NetWellness is a global, community service providing quality, unbiased health information from our partner university faculty. NetWellness is commercial-free and does not accept advertising.
Monday, September 26, 2016
HIV and AIDS
Can I Seroconvert After Possible HIV Exposure 12 Months Ago?
I would really like your help and advice on this please. I recently on June 15, 2005 and June 30 was tested for HIV using a rapid HIV fingerprick (blood) test and a blood lab test in England Birmingham. The reason I got tested was that I am due to start a new relationship and a baby. I did have unprotected sex in massage parlours about 18 months ago (at a reall low point in my life) that has put me at risk. I have not put myself at risk since though. Thankfully I tested negative, but how confident can I be in this result because I have heard recently of seroconversion after 12 months. Is this only in special circumstances? The nurse assured me I was definitely negative, but how can this be a definite if the test can be wrong? Please help me. I would hate to be wrong and I am getting very anxious about this somebody, please help me. Thanks for your time.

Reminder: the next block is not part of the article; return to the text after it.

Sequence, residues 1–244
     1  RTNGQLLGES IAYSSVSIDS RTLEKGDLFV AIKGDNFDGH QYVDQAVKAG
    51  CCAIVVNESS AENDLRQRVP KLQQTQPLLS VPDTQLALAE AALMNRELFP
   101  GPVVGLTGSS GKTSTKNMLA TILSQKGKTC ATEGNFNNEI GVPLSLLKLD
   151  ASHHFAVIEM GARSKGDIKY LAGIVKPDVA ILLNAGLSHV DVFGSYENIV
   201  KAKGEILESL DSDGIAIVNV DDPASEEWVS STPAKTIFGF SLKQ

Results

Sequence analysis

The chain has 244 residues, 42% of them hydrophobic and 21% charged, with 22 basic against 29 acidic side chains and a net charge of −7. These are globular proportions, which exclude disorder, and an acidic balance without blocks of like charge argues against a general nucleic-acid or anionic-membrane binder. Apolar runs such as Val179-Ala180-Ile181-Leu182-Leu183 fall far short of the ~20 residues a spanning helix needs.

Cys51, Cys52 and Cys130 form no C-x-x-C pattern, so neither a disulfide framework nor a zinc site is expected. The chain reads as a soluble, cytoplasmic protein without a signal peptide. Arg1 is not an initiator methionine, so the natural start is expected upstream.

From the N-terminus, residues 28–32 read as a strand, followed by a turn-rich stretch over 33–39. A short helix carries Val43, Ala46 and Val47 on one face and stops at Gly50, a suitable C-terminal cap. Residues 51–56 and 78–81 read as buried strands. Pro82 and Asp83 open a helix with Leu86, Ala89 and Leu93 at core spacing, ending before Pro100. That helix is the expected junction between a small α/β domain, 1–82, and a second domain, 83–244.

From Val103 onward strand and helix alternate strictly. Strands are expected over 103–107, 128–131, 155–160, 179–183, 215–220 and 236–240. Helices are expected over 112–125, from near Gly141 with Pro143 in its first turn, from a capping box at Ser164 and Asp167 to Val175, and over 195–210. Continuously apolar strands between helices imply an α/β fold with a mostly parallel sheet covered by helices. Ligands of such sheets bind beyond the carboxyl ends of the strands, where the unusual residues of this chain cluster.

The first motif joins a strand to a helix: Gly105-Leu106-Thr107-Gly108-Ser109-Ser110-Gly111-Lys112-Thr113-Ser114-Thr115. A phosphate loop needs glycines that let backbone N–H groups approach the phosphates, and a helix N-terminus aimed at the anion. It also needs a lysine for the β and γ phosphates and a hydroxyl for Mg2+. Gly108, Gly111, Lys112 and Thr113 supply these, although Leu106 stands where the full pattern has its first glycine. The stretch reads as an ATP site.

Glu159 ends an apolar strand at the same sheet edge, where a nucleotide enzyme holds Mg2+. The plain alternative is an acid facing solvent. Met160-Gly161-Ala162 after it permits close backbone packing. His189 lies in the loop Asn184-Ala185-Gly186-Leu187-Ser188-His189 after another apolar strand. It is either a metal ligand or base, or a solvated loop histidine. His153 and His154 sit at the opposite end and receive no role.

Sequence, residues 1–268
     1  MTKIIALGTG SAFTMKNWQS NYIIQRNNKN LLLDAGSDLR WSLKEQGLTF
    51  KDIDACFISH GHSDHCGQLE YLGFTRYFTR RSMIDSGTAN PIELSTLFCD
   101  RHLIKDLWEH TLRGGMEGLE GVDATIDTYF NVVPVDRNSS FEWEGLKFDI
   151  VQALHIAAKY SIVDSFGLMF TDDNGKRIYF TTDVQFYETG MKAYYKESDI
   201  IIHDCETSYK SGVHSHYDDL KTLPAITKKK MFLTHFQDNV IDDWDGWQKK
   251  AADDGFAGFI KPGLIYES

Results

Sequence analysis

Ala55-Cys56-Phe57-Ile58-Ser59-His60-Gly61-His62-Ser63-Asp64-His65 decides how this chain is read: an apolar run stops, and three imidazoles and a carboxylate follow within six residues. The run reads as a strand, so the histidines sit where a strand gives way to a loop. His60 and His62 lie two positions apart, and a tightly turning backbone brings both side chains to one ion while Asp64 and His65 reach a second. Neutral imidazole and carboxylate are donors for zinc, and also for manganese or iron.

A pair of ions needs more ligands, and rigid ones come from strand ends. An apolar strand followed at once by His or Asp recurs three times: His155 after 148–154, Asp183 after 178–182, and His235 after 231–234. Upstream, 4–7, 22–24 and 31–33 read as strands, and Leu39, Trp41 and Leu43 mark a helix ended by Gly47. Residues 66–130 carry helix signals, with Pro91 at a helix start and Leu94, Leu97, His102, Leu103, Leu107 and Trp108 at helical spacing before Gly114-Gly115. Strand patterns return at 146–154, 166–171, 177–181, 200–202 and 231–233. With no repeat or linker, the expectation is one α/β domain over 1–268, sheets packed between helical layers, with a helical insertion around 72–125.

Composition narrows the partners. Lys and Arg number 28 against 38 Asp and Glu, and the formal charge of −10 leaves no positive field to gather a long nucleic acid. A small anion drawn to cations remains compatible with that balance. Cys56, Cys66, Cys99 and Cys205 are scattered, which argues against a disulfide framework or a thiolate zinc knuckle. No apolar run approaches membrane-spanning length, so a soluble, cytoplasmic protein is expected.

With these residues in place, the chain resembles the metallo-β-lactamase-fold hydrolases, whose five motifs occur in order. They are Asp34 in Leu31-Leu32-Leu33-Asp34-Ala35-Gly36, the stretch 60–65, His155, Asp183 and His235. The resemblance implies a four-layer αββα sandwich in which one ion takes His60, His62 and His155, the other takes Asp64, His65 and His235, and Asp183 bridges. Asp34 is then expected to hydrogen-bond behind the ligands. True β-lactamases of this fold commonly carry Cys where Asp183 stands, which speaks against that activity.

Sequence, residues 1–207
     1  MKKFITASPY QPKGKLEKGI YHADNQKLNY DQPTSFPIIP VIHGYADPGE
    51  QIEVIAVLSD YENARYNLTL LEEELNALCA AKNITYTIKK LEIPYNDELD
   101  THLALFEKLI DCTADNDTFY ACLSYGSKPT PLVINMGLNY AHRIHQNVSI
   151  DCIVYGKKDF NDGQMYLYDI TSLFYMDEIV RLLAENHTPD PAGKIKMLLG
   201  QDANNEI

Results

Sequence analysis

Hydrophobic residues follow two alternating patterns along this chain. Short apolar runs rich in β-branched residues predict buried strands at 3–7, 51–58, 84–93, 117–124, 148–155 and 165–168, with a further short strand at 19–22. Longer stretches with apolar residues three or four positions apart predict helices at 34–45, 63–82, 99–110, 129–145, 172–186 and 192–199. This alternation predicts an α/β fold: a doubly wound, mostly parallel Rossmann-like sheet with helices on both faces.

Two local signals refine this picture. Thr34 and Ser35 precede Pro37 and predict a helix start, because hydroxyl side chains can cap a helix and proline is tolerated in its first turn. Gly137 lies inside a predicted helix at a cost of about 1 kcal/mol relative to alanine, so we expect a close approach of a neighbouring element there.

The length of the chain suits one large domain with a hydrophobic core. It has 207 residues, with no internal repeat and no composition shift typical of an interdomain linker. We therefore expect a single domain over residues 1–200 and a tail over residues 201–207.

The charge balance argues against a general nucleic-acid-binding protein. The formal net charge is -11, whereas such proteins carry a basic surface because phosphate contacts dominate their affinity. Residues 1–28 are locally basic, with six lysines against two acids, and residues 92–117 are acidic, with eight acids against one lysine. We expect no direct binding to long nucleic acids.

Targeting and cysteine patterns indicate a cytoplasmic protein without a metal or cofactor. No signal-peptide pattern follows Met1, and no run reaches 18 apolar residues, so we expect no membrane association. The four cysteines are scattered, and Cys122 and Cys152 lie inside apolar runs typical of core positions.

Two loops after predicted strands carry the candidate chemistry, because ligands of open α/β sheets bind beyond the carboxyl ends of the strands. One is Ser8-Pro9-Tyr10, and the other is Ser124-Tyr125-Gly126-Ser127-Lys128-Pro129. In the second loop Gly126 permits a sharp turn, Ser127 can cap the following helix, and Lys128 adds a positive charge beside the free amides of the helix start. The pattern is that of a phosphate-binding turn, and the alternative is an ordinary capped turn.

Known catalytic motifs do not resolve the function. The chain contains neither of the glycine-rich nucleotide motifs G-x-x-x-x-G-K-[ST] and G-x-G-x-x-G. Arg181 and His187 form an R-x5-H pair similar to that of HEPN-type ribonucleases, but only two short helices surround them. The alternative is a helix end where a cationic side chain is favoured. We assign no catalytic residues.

The tests commonly used to detect HIV infection look for antibodies produced by your body to fight HIV. Most people will develop detectable antibodies within 3 months after infection, the average being 20 days. In rare cases, it can take 6-12 months. Seroconversion after 12 months has not been described. If you are still having a lot of anxiety about believing your negative HIV test result, you should get copies of the results of the tests you have had and go see a doctor to talk about the results.
Lisa A Haglund, MD
Associate Professor of Clinical Medicine
College of Medicine
University of Cincinnati